Camp said that while he knew Anable struggled with depression, his suicide caught his friends off guard, especially when he’d recently began to live such a publicly purposeful life.
“I think he finally was living for the first time in his life,” Camp said. “It was really after the Rainbow Lounge raid that he kind of came to life in a lot of ways and he said as much. His last Facebook message kind of reads that way.”
Anable is the second suicide by an activist in North Texas this year after Fort Worth’s Dave Guy-Gainer, 63, took his own life in February.
Candy Marcum, founder of Dallas LGBT counseling center Stonewall Behavioral Health, said people who commit suicide are often so depressed that they feel hopeless and cannot seek help or think that any help would make their lives better.
“Suicide is about depression. Suicide is about feeling hopeless,” she said.
Marcum said many younger LGBT people commit suicide because of the stress of coming out and not being accepted. She said stress later in life related to money, friend or health issues can add to someone’s suicidal feelings.
As for activism being more stressful, Marcum said that is a job that can take a toll on someone emotionally, but she said what Anable and Gainer had in common likely were issues unrelated to being gay activists that led them to suicide.
Anger and sadness are often heightened emotions after suicide, as well as wondering if there were signs and if it could have been prevented, but Marcum said people need to not blame themselves and carry on the work Anable loved doing.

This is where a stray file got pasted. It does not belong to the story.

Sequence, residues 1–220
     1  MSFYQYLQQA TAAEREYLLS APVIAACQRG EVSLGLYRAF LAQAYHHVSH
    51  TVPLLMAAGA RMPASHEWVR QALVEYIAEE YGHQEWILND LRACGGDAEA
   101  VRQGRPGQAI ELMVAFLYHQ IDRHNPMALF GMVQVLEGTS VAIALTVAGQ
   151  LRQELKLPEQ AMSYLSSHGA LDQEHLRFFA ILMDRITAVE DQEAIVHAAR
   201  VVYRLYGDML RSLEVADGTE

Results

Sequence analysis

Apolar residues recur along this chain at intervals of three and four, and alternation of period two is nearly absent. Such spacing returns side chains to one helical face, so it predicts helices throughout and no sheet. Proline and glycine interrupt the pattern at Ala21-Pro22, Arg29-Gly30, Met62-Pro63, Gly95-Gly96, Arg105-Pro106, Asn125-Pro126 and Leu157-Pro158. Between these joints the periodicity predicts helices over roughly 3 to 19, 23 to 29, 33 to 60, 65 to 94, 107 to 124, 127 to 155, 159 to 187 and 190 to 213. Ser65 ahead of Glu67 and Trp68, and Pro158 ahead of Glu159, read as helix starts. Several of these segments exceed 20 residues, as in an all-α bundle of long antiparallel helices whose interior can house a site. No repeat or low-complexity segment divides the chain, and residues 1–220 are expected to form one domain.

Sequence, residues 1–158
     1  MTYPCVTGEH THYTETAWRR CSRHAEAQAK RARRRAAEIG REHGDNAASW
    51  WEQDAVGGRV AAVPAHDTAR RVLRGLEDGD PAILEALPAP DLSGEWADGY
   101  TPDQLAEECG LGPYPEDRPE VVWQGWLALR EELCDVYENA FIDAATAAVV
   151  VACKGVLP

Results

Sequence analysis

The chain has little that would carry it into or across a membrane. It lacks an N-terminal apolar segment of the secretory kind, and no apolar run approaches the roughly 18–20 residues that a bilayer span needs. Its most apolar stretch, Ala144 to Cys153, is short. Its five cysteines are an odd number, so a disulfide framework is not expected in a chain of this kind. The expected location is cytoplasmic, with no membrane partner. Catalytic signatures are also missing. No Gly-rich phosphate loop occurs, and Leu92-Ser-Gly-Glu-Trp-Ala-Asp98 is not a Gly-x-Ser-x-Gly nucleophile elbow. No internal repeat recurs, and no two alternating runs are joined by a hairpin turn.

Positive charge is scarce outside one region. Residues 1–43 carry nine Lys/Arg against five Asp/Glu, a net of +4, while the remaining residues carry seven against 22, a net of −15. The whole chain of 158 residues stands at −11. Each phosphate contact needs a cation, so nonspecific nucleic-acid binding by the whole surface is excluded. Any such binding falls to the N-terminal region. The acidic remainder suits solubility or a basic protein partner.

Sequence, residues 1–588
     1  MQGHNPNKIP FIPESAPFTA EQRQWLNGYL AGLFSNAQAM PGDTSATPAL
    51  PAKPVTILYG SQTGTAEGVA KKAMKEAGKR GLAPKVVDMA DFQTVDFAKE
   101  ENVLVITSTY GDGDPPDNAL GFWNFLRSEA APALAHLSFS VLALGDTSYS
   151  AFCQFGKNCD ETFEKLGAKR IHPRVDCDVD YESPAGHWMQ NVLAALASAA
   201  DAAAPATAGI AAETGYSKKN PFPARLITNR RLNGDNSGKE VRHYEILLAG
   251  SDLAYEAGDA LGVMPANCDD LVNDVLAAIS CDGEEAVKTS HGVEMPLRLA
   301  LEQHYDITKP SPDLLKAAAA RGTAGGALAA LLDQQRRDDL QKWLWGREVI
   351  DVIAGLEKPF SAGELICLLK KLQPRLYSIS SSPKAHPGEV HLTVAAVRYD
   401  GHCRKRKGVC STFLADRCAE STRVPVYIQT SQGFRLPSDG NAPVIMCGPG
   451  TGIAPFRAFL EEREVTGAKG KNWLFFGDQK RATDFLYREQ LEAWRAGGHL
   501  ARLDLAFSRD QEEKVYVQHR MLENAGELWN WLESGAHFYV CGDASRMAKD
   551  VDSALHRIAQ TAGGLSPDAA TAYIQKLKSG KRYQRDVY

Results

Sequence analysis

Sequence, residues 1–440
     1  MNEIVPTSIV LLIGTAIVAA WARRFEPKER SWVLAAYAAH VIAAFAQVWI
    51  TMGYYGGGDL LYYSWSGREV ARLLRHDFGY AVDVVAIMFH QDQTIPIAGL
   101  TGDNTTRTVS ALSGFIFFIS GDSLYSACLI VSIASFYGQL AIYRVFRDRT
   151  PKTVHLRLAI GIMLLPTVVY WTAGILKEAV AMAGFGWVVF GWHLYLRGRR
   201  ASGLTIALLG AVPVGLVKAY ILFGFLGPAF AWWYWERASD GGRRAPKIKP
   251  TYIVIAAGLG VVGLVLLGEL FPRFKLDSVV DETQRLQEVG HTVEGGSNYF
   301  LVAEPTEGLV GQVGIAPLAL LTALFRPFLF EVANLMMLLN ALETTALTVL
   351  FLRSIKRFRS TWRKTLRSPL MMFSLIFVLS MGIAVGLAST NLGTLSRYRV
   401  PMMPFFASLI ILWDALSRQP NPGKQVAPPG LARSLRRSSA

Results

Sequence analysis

“People need to understand that he had more going on than we knew about. His work for the movement is not a reflection of the pain he had,” she said. “His work is still good. He took himself as far as he could.”
Jon Nelson with Fairness Fort Worth said Anable’s legacy will be continued. The group’s board will select a new president in the near future and continue his work.
For someone involved in civic groups for more than three decades. Nelson said he’d “never seen anyone with very little clout to begin with accomplish what (Anable) did.”
“It was like he saw a need, he saw an individual that needed help and it never occurred to him that it might not work out,” Nelson said. “If was how to get it done, never if.”
But while Anable had accomplished many of his goals, most recently with helping Fort Worth Independent School District pass an LGBT-inclusive anti-bullying policy, he still had big plans. He envisioned the creation of a North Texas LGBT coalition formed by several LGBT organizations in the Metroplex coming together to discuss and share work.
Robert Camina, the documentary filmmaker of Raid of the Rainbow Lounge, said he “never would have gotten so involved with activism without (Anable’s) relentless pushing and inspiration.” Anable was an associate producer and was featured in the film.
“He championed this film from day one, believing that Fort Worth’s story could inspire and educate people around the world,” Camina said. “He wanted to build relationships and hold leaders accountable for the fair and equal treatment of all citizens. With his unfortunate passing, he has put us all to task to make sure that happens.”
Camina said Anable’s death leaves a void in the local LGBT community, as well as the communities he touched and educated on a national level. He said his presence and life will forever be remembered on-screen in the film and also with the work he did in North Texas.
But as the LGBT community and all those who knew and loved Anable professionally and personally grieve him, they are united in the mission to uphold his legacy.
“Let there be no doubt, that as we move forward, his words and passion will continue to create change,” Camina said. “Tom will never be truly gone.”
A memorial service for Anable will be held at 10:30 a.m. Saturday, Aug. 25, at Celebration Community Church, at 908 Pennsylvania Avenue in Fort Worth.
This article appeared in the Dallas Voice print edition August 24, 2012.